Book Review: Manuscript Found In Accra by Paulo Coelho

I just finished “The Alchemist” by this same author literally about two months ago and his writing was so good that I had to go and read some more. With that said, today I’m going to be reviewing “Manuscript Found In Accra” which is the second book that I have read from Mr. Coelho.

The structure of the novel was different from most I have read in that its chapters are formatted as answers to questions that are posed to the main narrator of the book, known as “The Copt”. The backstory to the book is that what you are reading is the manuscript that the citizens of Accra compiled in the hours before they were overrun by their enemies who are waiting outside of Accra’s city gates for nightfall to attack. The citizens have little means of defending themselves from the inevitable, and so at the advice of the mysterious and wise figure of the city, “The Copt”, the citizens gather together to record not the last hours of their beloved city and the battle to come that will erase it all, but what history will truly wish to know about their civilization — their daily lives. And thus, one by one, the citizens offer the Copt their questions that he answers with the beauty and significance of answers that will never be given again and yet will eternally hold true.

The chapter that was most poignant to me was when “a man who always woke up early to take his flocks to the pastures around the city said: ‘You have studied in order to be able to speak these beautiful words, but we have to work to support our families.'” to which the Copt’s response is the articulation of an instinctive truth within me that has been skillfully put to language in Coelho’s book. Much of Coelho’s writing is like that: the transcription of a soul’s truths. It transcends all cultural, generational, religious, racial characteristics and speaks directly to the source that springs from everyone one of us. It is deeply personal, yet impersonal because it is my source, but it is also in all of you.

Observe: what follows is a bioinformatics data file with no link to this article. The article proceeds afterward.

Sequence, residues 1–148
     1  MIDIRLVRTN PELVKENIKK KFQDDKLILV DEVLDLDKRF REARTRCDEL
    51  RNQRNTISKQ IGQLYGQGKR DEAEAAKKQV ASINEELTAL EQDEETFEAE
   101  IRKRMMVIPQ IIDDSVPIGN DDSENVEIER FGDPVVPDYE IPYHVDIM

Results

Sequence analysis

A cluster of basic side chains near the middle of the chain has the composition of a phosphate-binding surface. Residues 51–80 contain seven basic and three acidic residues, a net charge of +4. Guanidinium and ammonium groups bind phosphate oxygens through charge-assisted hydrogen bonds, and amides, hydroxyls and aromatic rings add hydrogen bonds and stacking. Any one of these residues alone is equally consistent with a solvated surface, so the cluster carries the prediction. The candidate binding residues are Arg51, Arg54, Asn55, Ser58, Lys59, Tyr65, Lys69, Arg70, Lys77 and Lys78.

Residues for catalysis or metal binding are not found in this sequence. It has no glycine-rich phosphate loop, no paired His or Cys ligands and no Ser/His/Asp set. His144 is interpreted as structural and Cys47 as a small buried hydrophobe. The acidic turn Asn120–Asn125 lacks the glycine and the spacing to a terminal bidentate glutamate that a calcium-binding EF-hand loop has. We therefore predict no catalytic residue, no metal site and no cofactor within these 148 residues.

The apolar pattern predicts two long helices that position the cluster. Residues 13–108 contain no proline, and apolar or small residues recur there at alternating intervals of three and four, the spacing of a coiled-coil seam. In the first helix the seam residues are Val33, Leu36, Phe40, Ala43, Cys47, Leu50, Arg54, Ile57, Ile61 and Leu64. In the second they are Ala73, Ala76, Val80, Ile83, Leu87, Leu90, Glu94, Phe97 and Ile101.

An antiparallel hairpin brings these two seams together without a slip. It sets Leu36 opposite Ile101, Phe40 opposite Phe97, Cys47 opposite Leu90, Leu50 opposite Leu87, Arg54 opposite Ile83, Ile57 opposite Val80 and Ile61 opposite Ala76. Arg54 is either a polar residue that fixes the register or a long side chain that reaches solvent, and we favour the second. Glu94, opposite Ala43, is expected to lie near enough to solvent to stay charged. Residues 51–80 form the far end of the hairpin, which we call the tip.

Although this is only my second book from Mr. Coelho, I get the feeling that his books can’t be read just once, they need to be revisited again in between the different phases of your life. When you think that you’ve forgotten the lessons in the book, you’ll have to pick it up and read it again with fresh, new eyes colored by your new experiences.

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Book Review: The Alchemist by Paulo Coelho

Saturday morning I decided to go to the library to find some books on languages. After looking around and not finding what I wanted to find I was about to head out when my eye was caught by this book:


I read a couple of pages, was intrigued by the simple but profound writing and checked it out. I started the book when I arrived home and finished it the next day. It is not a long book, less than 200 pages, but the lessons within could take up volumes and volumes. Without divulging the plot, the story follows the events of a young shepherd who leaves his homeland in Spain and to travel to Egypt to see the Pyramids and find buried treasure. I love stories about traveling through the Sahara, the Pyramids, and buried treasure  so the story-line naturally appealed to me. However, much more than that is the writing itself that made me keep reading. If any of you have read “The Little Prince”  by Antoine Saint Exupery, you’ll understand what I mean when I describe Coelho’s style as simple but profound. “The Alchemist” reminded me very much of the classic by Saint Exupery and it’s no wonder that it has been translated in over 50 languages. I’m just amazed that I’ve never heard about this book. Coelho first published this in his native Brazil in 1988 and then it was translated into English in 1993 and here I am reading it 23 years later. I feel like I’m really late to the party! But if you’re late like me — don’t delay, read it now!

I need to return my copy to the library now, but I will be purchasing a copy of my own. This is the type of book that reveals a little bit more each time you revisit it.

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